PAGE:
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Relaxed Boiler Rules Saves Money and Improves Air Quality, Says EPA

By Conan Milner
Epoch Times Staff
Created: December 5, 2011 Last Updated: December 5, 2011
Related articles: United States » National News
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Environmental Protection Agency (EPA) logo is displayed in this file photo from September 2010. According to the EPA only a tiny fraction of U.S. boilers—found at refineries, chemical plants, and other industrial facilities—will be affected by the new air quality rules. (Chip Somodevilla/Getty Images)

Environmental Protection Agency (EPA) logo is displayed in this file photo from September 2010. According to the EPA only a tiny fraction of U.S. boilers—found at refineries, chemical plants, and other industrial facilities—will be affected by the new air quality rules. (Chip Somodevilla/Getty Images)

Cleaner air at a reasonable price—that’s the goal behind the latest round of changes in emission standards for the nation’s most polluting industrial boilers and incinerators.

After considering recent input from lawmakers, environmental groups, and industries, the U.S. Environmental Protection Agency (EPA) last week announced another set of changes to its industrial boiler rules. Officials say the new amendments strike a balance between improved air quality and cost effectiveness.

In a Dec. 2 conference call to reporters, Gina McCarthy, EPA assistant administrator for the Office of Air and Radiation explained that the proposed reconsideration would still significantly reduce toxic air pollutants, including mercury and soot, but also address compliance concerns raised by industry and labor groups.

“This rule will help protect the health of millions of Americans,” McCarthy said. “It hits the sweet spot of being affordable, practical regulation that provides long overdue health benefits that Americans deserve.”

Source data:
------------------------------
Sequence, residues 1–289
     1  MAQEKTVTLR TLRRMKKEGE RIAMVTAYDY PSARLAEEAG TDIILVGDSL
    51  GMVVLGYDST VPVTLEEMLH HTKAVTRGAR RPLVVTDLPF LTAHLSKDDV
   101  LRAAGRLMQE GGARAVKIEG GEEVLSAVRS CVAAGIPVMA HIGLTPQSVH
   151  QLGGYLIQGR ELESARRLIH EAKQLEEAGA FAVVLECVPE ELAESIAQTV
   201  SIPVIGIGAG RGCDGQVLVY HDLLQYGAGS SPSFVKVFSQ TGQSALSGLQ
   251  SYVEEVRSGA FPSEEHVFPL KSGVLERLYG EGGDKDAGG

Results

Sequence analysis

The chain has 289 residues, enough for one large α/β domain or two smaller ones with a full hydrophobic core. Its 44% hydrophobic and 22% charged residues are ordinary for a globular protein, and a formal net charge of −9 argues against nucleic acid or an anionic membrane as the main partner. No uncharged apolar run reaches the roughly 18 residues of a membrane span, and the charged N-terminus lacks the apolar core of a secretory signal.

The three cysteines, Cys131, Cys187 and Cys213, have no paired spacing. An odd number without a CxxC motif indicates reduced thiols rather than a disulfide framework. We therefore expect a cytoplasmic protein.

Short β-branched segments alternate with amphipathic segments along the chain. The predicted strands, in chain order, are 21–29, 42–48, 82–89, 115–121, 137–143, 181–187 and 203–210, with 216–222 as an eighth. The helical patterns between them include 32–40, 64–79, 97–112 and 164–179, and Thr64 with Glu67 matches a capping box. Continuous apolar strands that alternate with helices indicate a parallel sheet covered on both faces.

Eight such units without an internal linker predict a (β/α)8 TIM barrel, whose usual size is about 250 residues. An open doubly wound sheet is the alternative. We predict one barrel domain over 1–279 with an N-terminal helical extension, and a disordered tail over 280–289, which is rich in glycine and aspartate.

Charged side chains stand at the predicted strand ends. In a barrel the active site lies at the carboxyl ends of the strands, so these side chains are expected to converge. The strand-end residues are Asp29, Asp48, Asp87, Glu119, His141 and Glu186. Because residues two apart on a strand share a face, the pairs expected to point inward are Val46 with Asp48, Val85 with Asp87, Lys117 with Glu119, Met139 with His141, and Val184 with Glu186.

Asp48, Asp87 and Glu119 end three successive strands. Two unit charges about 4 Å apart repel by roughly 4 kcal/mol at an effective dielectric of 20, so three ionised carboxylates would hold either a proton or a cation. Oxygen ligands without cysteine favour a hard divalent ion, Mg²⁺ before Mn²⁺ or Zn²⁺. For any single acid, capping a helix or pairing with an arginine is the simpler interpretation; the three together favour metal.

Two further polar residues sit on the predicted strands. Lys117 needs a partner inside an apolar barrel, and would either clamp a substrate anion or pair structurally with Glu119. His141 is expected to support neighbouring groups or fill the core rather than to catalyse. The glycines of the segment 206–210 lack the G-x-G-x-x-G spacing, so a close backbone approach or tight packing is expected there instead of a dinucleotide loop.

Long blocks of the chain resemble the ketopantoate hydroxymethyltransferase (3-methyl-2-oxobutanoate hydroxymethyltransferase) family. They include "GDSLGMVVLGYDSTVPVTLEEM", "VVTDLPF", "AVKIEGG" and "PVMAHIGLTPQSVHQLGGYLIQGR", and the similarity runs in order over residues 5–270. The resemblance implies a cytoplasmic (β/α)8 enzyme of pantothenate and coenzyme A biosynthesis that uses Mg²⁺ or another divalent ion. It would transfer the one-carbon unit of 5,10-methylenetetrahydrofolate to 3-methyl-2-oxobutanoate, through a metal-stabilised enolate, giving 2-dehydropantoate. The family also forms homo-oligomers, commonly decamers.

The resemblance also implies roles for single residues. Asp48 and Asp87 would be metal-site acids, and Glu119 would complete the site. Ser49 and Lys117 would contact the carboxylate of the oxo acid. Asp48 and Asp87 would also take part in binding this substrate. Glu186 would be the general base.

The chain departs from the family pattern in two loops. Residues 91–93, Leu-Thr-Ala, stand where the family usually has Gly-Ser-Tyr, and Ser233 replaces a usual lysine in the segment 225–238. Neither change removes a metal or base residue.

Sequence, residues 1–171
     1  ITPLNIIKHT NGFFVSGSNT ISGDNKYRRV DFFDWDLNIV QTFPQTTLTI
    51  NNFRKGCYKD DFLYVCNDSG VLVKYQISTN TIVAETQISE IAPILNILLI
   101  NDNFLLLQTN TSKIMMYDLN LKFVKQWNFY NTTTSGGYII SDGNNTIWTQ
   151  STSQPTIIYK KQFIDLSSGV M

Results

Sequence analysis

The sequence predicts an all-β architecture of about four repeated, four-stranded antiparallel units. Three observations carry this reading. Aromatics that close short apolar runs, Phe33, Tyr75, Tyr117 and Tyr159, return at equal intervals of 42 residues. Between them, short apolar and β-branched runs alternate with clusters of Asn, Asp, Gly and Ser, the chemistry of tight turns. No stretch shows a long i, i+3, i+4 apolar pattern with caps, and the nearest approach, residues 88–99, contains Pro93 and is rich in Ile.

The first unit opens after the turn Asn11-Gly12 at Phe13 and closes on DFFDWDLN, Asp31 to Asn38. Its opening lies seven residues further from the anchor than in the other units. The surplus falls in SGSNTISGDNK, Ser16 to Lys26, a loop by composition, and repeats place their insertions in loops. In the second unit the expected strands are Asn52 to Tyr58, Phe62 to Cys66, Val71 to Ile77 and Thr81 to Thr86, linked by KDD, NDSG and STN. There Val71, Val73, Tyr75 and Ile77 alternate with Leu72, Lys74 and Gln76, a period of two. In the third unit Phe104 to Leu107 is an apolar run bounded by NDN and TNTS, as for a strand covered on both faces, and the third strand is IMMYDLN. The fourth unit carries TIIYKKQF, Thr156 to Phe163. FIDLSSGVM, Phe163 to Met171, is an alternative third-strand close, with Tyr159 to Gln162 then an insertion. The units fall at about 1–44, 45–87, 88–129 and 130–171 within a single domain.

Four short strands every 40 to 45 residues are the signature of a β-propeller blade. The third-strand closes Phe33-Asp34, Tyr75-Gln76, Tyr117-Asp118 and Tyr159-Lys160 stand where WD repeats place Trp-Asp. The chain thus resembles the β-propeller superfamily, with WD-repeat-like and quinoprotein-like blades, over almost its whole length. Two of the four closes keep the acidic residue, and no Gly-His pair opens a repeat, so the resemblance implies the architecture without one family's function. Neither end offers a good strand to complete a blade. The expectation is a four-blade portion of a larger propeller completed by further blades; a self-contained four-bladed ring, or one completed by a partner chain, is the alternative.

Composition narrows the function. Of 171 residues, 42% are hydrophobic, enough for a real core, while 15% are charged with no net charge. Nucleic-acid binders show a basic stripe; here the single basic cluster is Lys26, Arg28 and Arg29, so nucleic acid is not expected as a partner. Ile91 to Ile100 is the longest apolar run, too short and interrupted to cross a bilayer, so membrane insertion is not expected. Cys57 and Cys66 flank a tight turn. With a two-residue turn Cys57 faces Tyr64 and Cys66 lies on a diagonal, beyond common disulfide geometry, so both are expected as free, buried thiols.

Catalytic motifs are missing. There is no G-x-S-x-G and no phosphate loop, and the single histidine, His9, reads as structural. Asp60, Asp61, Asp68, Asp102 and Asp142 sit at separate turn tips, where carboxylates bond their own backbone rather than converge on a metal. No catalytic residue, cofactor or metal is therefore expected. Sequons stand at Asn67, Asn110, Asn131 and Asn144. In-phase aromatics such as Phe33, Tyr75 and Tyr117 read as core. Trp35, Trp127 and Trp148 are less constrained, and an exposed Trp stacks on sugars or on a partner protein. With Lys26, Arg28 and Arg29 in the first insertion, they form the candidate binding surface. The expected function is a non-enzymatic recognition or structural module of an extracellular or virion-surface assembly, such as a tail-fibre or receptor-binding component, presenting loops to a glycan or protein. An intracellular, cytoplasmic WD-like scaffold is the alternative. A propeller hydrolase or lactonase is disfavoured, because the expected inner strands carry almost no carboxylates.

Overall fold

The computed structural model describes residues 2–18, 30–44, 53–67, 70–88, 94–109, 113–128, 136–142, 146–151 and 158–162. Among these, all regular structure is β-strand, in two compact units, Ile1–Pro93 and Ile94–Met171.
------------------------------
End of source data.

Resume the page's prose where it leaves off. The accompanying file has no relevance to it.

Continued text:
The proposed amendments would save about $1.5 billion or nearly 50 percent from the original 2010 proposed rule while still managing to provide similar health benefits, according to EPA figures.

“These changes will help to establish a pathway to a strong biomass industry while still ensuring that we are moving toward cleaner technologies,” said McCarthy.

Only a tiny fraction of U.S. boilers—found at refineries, chemical plants, and other industrial facilities—will be affected by the new air quality rules. But officials have struggled to create regulations that can meet Clean Air Act emission standards at a cost that the industry can live with.

McCarthy noted that even the EPA recognized that its initial boiler rules were “flawed,” but earlier versions of the updated standards had been of particular concern to industry leaders. In September 2011, the Council of Industrial Boiler Owners stated that the EPA rule was still “not achievable,” and could potentially threaten more than 230,000 existing jobs.

The agency states that its most recent set of changes will make compliance easier for industries by creating standards that they say better reflect the different types of boiler technologies. The changes would provide more flexible compliance options, and favor work practice standards over numeric emissions limits.

Environmentalists concede that the new changes will still significantly improve air quality and lessen health problems linked to environmental contaminants, but James Pew, an attorney for Earthjustice, cautions further industry influence to weaken emission rules for boilers and incinerators.

“With this reproposal, we hope industry will abandon its effort in Congress to kill these standards entirely and instead let the EPA begin the important job of improving air quality,” said Pew.

The EPA plans to finalize the new proposal in spring 2012, with a projected compliance deadline for boilers in 2014, and incinerators in 2016.

 

 




   

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